Research in our lab is focused on the study of behavioral consequences of injury or disruption of typical developmental processes in the young brain. To address this topic, we employ various rodent models of developmental brain injury/disruption and other genetic disorders, and then follow subjects as they develop by studying their behavioral and cognitive abilities.
Behavioral measures include assessments of rapid auditory processing; this testing can begin in rodents as young as 30 days of age. Auditory processing assessments are used based on strong evidence that early processing of rapidly changing auditory information is correlated with, and predictive of, language development in humans. Additional behavioral tests include assessments of spatial navigation (e.g., Morris Water Maze), working memory (e.g., radial arm maze), non-spatial learning and memory (e.g., T-maze, operant conditioning and learning), motor earning (e.g., rotarod), exploration and locomotion (open-field), anxiety (Plus-maze), aggression (test-tube task), and social behaviors (e.g., 3-chamber social task, vocalizations).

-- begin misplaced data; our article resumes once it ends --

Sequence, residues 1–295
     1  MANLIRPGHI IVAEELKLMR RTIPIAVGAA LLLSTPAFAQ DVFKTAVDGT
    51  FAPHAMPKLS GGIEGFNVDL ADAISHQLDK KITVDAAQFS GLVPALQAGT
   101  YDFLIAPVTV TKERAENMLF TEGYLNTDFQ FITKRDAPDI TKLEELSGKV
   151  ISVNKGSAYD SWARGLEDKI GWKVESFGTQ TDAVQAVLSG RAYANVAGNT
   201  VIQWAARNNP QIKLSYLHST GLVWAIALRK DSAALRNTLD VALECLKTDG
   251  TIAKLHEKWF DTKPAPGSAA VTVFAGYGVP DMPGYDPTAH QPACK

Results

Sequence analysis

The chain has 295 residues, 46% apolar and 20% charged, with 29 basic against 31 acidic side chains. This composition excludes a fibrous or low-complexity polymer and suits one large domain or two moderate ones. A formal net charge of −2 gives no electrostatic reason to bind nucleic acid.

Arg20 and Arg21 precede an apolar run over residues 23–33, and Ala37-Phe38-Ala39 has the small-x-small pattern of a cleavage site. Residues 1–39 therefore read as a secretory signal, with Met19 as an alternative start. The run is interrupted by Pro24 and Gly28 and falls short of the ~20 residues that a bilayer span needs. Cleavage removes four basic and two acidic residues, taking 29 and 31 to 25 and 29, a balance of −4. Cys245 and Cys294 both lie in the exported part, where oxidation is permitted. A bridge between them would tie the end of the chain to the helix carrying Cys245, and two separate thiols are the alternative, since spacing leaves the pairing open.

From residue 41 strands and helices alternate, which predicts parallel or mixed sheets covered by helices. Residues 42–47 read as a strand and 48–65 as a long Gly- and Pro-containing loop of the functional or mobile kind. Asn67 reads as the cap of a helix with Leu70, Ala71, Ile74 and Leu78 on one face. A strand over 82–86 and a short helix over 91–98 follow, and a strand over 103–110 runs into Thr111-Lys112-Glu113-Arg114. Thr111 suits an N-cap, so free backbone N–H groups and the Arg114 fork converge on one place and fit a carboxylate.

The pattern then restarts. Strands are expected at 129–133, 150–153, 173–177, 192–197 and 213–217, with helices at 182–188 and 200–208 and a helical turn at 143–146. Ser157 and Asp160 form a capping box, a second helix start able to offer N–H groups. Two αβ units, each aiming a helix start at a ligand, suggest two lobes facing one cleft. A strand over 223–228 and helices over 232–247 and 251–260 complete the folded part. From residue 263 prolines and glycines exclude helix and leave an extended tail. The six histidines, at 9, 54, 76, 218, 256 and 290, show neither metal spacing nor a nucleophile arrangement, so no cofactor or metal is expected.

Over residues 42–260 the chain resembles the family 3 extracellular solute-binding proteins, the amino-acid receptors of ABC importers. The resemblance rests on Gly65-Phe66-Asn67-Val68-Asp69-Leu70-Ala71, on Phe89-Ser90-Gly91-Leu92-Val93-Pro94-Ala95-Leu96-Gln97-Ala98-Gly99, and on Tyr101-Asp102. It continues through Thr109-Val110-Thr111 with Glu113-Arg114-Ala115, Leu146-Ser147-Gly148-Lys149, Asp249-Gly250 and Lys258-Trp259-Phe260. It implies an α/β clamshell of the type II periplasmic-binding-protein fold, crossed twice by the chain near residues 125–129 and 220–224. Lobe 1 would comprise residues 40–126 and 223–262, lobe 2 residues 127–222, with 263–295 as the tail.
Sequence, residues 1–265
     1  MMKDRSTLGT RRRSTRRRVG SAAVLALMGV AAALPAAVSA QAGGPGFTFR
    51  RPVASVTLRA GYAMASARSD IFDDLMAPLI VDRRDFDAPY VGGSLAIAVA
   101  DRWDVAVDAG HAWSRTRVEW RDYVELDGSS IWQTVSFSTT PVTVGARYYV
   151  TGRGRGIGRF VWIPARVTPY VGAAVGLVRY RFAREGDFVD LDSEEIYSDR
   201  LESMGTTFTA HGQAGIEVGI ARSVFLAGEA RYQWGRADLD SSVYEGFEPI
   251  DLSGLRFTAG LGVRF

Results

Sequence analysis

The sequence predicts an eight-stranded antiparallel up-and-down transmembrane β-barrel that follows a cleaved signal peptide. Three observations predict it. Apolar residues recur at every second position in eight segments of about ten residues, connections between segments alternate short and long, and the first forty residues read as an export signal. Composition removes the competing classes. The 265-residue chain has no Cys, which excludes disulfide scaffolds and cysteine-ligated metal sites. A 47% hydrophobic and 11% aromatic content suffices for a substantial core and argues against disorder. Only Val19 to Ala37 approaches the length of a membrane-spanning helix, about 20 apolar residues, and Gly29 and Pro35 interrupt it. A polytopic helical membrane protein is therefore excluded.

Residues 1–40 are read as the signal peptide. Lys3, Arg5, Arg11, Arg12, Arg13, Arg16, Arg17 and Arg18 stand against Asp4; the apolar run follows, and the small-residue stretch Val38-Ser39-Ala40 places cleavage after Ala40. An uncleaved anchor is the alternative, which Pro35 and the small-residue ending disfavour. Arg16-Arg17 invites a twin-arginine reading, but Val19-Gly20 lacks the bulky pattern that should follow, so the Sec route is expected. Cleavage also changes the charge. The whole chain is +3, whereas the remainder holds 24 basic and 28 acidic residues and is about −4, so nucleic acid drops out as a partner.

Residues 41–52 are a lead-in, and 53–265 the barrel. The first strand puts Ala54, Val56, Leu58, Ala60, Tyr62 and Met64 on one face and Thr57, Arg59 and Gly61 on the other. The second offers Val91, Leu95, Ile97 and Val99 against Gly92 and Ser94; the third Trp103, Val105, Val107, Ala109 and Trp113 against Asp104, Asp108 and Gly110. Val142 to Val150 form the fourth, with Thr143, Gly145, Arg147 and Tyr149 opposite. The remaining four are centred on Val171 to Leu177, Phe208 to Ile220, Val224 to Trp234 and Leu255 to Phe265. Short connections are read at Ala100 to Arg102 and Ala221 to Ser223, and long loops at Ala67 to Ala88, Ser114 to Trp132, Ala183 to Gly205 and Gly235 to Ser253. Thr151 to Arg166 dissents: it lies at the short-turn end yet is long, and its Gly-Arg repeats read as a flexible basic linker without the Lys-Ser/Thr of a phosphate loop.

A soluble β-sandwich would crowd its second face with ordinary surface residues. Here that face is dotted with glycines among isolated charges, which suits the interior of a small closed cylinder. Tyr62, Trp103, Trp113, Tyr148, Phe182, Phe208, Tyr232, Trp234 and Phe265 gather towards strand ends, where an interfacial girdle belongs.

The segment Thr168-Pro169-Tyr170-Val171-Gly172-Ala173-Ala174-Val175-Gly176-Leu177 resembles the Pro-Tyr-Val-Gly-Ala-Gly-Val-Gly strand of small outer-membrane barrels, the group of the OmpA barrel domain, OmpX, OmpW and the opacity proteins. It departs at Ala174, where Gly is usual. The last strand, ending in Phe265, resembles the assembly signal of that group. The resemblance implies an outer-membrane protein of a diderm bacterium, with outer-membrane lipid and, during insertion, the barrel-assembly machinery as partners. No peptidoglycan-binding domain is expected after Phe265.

|Address:||Bousfield Psychology Building|
406 Babbidge Road, Unit 1020
Storrs, CT 06269